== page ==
Macroprudential measures taken in one Member State (the activating Member State) often apply only to the exposures of financial institutions located in that Member State, i.e. domestic banks and subsidiaries of foreign banks. Therefore, such measures generally do not apply to the exposures of other EU financial institutions located in other Member States that they hold either through branches in the activating Member State or directly across borders. Reciprocity is the policy instrument that ensures that these measures also apply to the exposures, of these other financial institutions, which would otherwise not be covered.
Reciprocation occurs when the relevant authority in the reciprocating Member State applies a macroprudential measure that is the same as or equivalent to a measure taken in the activating Member State in order to address a risk related to a specific exposure. Financial institutions in both countries are therefore affected in a similar way by that risk . Reciprocation should ultimately ensure that the same macroprudential measure applies to all financial institutions within the EU which are exposed to the risk targeted by the measure, regardless of where they are located.
The reciprocation of macroprudential measures enhances the effectiveness and consistency of macroprudential policy in the EU. It also contributes to a level playing field in the Single Market.
At the end of 2015, the ESRB put in place a framework of voluntary reciprocity for macroprudential policy measures. The reciprocity framework lays the basis for a coordinated approach to the reciprocation of macroprudential measures for which EU legislation does not foresee compulsory reciprocation. The reciprocity framework is codified in three documents: (i) Recommendation ESRB/2015/2; (ii) Article 5 of Decision ESRB/2015/4; and (iii) Chapter 11 ("Cross-border effects of macroprudential policy and reciprocity") of the ESRB Handbook on operationalising macroprudential policy in the banking sector. When reciprocating, Member States may exempt financial institutions with non-material exposures (so-called de minimis exemption). For that purpose, Member States may use a materiality threshold above which exposures are deemed material. To harmonise the application of the de minimis exemption, the framework was amended by Recommendation ESRB/2017/4.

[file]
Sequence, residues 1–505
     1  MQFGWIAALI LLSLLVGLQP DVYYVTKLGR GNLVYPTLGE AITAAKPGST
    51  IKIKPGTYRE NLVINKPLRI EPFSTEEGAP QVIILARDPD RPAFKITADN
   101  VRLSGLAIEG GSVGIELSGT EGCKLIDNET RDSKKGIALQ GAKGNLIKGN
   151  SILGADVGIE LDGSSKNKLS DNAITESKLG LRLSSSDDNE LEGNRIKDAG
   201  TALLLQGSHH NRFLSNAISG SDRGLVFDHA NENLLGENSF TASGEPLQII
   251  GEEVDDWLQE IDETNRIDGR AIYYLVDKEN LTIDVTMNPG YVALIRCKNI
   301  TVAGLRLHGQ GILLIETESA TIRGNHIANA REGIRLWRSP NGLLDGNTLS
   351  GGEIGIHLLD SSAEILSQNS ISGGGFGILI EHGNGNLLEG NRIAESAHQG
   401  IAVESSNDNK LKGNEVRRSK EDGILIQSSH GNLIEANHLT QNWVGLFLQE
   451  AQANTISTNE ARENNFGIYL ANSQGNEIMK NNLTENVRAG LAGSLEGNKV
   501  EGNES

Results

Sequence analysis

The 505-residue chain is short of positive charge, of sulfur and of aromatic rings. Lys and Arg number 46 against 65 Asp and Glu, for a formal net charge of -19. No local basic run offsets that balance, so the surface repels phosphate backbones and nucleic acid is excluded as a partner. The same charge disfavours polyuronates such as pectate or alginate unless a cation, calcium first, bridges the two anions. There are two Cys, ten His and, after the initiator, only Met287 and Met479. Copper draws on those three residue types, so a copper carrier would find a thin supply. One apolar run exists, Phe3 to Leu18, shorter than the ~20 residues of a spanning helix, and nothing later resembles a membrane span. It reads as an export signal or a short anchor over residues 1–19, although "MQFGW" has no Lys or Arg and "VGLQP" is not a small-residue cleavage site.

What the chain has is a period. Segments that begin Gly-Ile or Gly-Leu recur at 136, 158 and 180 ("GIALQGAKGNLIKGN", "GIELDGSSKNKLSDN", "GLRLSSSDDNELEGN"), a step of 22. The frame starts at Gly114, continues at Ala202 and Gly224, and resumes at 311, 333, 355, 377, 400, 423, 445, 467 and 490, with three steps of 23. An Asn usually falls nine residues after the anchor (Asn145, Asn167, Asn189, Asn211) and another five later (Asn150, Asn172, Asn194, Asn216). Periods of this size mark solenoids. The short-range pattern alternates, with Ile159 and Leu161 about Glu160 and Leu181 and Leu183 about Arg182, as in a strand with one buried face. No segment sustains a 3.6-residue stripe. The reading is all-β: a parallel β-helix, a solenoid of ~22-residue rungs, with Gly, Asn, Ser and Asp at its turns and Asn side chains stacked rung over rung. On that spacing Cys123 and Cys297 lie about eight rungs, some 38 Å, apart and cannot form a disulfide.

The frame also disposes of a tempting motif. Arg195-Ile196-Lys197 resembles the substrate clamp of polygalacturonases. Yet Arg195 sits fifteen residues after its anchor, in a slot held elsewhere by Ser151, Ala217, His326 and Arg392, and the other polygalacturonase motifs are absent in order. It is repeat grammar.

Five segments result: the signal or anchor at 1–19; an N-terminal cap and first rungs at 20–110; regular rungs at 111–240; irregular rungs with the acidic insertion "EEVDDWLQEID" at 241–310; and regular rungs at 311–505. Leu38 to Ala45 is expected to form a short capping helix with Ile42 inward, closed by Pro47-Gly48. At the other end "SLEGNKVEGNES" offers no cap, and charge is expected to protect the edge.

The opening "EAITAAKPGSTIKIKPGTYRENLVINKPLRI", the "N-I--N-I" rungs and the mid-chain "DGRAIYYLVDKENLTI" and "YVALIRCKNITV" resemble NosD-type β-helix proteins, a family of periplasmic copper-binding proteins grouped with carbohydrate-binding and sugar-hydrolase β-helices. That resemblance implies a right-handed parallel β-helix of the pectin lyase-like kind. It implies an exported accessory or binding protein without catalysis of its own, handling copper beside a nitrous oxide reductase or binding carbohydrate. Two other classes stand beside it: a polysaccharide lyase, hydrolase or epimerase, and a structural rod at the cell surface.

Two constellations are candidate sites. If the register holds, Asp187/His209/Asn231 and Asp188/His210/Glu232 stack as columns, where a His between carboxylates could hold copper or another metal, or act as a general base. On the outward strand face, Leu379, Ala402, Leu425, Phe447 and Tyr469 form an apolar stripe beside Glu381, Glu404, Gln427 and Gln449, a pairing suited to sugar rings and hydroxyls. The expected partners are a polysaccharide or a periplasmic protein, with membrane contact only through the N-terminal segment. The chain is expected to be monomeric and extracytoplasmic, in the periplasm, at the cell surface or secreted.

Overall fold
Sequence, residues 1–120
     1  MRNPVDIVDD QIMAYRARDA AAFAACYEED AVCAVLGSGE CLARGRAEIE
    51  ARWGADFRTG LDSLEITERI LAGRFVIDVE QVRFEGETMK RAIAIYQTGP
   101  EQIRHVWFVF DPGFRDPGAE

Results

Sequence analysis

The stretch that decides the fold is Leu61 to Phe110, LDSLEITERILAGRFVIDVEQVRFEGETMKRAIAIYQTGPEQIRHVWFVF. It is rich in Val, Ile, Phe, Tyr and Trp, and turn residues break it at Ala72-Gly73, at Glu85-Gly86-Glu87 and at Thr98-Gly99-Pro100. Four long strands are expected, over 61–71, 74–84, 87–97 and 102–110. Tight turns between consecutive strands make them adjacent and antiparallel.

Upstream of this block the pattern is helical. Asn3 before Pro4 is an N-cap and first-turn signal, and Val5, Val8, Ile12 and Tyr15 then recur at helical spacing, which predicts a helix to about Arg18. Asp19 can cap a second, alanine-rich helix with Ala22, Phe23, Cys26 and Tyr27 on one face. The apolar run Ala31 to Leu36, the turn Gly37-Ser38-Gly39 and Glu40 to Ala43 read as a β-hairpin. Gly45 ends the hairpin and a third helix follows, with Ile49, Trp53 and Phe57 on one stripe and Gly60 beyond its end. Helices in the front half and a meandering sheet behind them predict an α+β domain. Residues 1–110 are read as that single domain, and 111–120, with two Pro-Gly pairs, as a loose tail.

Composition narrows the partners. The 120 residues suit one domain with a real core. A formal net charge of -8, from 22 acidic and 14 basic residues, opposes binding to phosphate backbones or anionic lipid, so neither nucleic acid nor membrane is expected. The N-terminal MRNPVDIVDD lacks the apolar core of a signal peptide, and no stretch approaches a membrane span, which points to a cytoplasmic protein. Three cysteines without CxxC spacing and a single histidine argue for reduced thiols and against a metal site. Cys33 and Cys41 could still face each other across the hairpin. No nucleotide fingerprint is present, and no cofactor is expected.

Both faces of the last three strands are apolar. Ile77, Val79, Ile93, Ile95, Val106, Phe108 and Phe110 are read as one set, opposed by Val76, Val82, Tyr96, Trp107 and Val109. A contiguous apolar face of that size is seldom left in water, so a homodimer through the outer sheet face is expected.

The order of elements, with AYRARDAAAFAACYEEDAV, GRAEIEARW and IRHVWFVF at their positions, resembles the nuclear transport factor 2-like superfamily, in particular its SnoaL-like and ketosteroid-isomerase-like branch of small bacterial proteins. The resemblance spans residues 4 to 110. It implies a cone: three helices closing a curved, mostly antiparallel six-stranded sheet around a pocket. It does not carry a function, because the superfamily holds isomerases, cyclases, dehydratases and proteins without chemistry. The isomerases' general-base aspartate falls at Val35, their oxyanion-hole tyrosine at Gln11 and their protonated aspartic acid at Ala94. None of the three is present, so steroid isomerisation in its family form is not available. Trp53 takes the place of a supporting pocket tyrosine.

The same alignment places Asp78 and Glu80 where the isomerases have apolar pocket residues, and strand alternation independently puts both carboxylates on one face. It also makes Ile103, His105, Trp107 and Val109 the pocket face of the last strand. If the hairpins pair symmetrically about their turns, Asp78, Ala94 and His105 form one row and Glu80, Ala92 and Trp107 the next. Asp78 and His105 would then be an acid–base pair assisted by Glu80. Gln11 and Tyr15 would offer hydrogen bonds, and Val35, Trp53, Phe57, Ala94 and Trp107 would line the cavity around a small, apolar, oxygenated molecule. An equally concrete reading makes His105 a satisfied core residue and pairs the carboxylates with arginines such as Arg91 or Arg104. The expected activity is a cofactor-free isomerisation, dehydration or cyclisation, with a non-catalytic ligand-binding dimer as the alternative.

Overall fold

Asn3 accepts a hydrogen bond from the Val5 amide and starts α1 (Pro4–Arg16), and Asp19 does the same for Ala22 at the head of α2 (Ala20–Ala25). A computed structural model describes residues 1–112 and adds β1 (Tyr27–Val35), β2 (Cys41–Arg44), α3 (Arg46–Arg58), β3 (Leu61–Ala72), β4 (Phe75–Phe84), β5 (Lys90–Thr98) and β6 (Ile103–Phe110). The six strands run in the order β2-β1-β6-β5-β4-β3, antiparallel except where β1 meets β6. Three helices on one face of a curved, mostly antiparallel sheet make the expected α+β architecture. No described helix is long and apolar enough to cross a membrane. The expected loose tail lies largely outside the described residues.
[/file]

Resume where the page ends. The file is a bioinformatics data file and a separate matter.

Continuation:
The reciprocation process is started by means of a formal request submitted to the ESRB by the authority that activated the initial measure. The request specifies an institution-level materiality threshold to guide the application of the de minimis exemption. If deemed justified, the ESRB will issue a recommendation. This recommendation amends Recommendation ESRB/2015/2 to include the macroprudential policy measures that are to be reciprocated.
In response to the recommendation issued by the ESRB, reciprocating Member States will apply the same or an equivalent macroprudential measure to the financial institutions in their jurisdictions. If applying the de minimis principle, reciprocating Member States may set a lower threshold than requested by the activating Member State. The degree of reciprocation can also vary as reciprocating measures may cover (i) exposures held through branches, or (ii) direct cross-border exposures to the activating Member State, or (iii) both of these two types of exposure. In certain situations Member States may also decide not to reciprocate, in which case they must explain their decision (in accordance with the “act or explain” mechanism of ESRB recommendations).
The pages below provide information on the macroprudential measures that the ESRB has recommended for reciprocation under its reciprocity framework and their follow-up by Member States. In the case of the countercyclical capital buffer, compulsory and automatic reciprocation is provided for by Union law up to the buffer rate of 2.5%.